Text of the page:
That desire to move beyond being viewed as a rapper presents itself in a particularly jarring way: outside of a throwaway line by 2 Chainz on Sacrifices, there are no mentions at all to the, um, cultural goings-on of the last three years. Now I am a hip-hop moldy fig trapped in a millennials’ sense of self-importance, so I prefer my rhymes with at least a side of acknowledgement of Chuck-D’s “black CNN.” I could be totally wrong, and there are plenty of trap, ringtone rap, and mumble rap artists to tell me that I need to pop a molly and start flexing. But in between Views and More Life in my iTunes library lie Blank Face, Blonde, We got it from Here, Black America Again, Awaken, My Love!, 4 Your Eyez Only, and Lemonade.

Still from video in Beyonce’s “Lemonade” album.

That’s eight major releases from prominent, Grammy-nominated/winning artists who took the time to say:

“Lets put the guns down and raise our kids…All lives matter, both sides.” -ScHoolboy Q
“The reverends/Preaching self-made millionaire status when we could only eat at Shoney’s on occasion.” – Frank Ocean
“I’m chillin, felon down to the DNA, crime villain/Sublimate their youth, hypersexualize their women.” – A Tribe Called Quest
“Endangered in our own habitat/them gun and dope, man, y’all can have it back.” – Common
“Now these broken souls are all I see/Fists have fallen to our side/We may cry alone, I feel we know where all of this is headed.” – Donald Glover
“I’m in awe, after all the fame I felt I evolve/I no longer bury demons, I be a vessel for the truth until I’m barely breathing” – J. Cole
“They say true love’s greatest weapon to win the war caused by pain/But every diamond has its imperfections, but my love’s too pure to watch it chip away.” – Beyoncé

In order, that’s unity amidst the ghetto, poverty beside dreams, stereotypes being rejected, violence in neighborhoods, dejection after trying, and forgiveness after infidelity. These are the inequalities, insecurities, and inconsistencies that have split America over the past year. That Drake managed to address none of them lyrically while turning his musical attentions further out to embrace the entire diaspora of black music leaves listeners with a binary choice. Either he can’t see these problems through the armada of champagne glasses that filter his life, or he chose not to address them to avoid muddling his pop aspirations with anything too political. Whether it’s the first or second reason, invites additional questions that a pop icon may not want to answer: no one asks Taylor Swift what she thinks of girls going missing in DC. But as Drake has made more of an issue about being perceived as only a rapper and his rap peers have leaned into social engagement in their music, I don’t have to tell you what two and two equal. Kendrick might, thought. April 14th can’t come soon enough.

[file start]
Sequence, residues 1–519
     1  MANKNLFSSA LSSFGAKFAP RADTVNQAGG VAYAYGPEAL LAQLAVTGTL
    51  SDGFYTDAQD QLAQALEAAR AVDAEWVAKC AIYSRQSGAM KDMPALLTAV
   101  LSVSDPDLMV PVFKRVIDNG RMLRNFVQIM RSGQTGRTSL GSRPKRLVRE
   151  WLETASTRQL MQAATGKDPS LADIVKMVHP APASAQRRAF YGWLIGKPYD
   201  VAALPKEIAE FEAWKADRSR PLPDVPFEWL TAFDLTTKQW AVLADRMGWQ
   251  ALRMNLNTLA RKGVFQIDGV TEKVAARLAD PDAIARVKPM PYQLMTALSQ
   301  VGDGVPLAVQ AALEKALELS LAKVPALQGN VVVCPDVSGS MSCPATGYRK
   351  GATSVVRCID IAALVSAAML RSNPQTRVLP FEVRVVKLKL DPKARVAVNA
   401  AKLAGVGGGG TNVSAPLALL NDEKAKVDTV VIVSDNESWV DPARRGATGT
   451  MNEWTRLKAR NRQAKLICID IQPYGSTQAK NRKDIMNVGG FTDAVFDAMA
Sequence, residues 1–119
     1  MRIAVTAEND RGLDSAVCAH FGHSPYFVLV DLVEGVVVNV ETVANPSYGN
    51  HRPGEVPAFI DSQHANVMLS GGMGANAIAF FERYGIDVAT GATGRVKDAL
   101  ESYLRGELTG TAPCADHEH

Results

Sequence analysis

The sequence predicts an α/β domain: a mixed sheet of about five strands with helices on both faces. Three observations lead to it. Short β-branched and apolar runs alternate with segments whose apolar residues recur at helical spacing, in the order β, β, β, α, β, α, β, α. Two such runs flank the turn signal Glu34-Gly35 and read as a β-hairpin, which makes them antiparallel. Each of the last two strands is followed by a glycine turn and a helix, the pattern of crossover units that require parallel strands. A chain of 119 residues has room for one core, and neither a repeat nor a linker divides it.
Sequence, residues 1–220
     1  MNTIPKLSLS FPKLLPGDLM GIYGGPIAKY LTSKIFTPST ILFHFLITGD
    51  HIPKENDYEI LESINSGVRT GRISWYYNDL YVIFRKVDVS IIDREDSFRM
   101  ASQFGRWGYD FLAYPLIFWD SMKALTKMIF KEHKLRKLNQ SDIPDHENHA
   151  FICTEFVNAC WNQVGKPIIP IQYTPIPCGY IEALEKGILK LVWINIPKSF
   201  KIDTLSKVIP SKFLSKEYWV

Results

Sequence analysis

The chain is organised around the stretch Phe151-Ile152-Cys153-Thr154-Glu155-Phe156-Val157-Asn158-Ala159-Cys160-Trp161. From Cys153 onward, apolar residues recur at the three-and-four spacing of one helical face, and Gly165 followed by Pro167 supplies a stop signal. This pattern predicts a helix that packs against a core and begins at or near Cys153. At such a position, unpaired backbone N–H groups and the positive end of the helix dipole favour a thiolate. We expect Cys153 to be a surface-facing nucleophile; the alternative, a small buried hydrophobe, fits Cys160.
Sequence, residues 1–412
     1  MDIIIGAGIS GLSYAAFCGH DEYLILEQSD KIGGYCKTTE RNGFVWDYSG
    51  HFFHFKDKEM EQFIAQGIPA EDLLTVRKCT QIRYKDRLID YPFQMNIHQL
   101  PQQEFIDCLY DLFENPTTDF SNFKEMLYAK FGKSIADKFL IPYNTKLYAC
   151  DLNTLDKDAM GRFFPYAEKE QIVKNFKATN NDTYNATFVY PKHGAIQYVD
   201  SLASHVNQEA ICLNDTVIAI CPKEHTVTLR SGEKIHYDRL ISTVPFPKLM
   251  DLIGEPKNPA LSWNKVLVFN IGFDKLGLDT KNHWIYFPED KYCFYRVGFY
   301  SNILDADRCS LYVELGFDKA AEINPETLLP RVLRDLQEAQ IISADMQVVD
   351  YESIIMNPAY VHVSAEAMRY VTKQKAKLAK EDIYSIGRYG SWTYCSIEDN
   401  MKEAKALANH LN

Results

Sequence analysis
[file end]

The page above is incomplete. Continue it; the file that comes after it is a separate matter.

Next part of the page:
One of the last lines on More Life may be the most illustrative of his social engagement paradox. Near the end of Do Not Disturb, Drake perfectly encapsulates the angst behind the comments section of every Facebook comment:

“Always trying to let go of anything that will burden me, that’s the reason you can feel the tension and the urgency…I am a reflection of all your insecurities.”

Seven albums and four mixtapes into one of the most commercially successful hip-hop careers to date, Drake remains someone critical to the music business, meme industrial complex, and cultural landscape. Despite being a fully weaponized cornball, Drake has changed the face of what cool looks like and helped reshape what masculinity – especially black masculinity – means. But his choice to pursue the disco of the 1970’s over the rock and R&B of the 1960’s may make his glass case of emotion increasingly a target. Maybe, like MJ, he knows that everyone buys albums. But choosing Donna Summer over Marvin Gaye may have a greater effect on his impressive longevity than he anticipates.

Michael Gardner, Culture Correspondent, Lima Charlie News

Michael Gardner is a former officer in the US Coast Guard, serving seven years in a variety of anti and counter-terrorism capacities and deploying to support National Special Security Events including the 2011 H8 Summit and 2011 Republican National Convention. Michael graduated with a BS in Government from the US Coast Guard Academy, and is currently a medical sales professional based out of Hoover, AL, having worked with the public health departments of both Alabama and Florida on large-scale health events. An avid tabletop gamer and moviegoer, he also has the misfortune of being a lifelong San Diego (Los Angeles) Chargers fan.

Follow Michael on Twitter | @MGardnerLC 

Lima Charlie provides global news, insight & analysis by military veterans and service members Worldwide.

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Wine glass photo at the top of the page, is from the artist LoveGoodThings on Etsy